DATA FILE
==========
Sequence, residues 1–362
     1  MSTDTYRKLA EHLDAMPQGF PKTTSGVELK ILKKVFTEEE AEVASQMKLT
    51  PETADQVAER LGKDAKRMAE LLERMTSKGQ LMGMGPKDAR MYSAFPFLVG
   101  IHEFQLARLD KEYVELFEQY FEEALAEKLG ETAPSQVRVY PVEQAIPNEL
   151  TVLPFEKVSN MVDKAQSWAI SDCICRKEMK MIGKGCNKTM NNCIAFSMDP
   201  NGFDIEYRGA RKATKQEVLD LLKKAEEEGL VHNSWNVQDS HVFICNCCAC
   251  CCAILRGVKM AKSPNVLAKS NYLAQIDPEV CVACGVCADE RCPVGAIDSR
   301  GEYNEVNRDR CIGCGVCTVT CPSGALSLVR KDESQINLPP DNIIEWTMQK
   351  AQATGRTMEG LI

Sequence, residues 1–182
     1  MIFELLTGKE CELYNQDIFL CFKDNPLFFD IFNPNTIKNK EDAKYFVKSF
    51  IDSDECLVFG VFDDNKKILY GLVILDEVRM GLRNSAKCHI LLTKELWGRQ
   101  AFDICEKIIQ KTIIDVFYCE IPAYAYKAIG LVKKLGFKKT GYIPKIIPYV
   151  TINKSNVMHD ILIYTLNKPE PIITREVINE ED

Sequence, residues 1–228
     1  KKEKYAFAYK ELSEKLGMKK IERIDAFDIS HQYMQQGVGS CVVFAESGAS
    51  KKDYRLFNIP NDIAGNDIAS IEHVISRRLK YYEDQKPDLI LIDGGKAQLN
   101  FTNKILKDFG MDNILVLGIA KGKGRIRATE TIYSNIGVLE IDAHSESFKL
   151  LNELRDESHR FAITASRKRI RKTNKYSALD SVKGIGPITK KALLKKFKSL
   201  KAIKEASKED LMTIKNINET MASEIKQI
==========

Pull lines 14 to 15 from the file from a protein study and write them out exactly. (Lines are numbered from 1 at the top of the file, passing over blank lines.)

   151  TINKSNVMHD ILIYTLNKPE PIITREVINE ED

Sequence, residues 1–228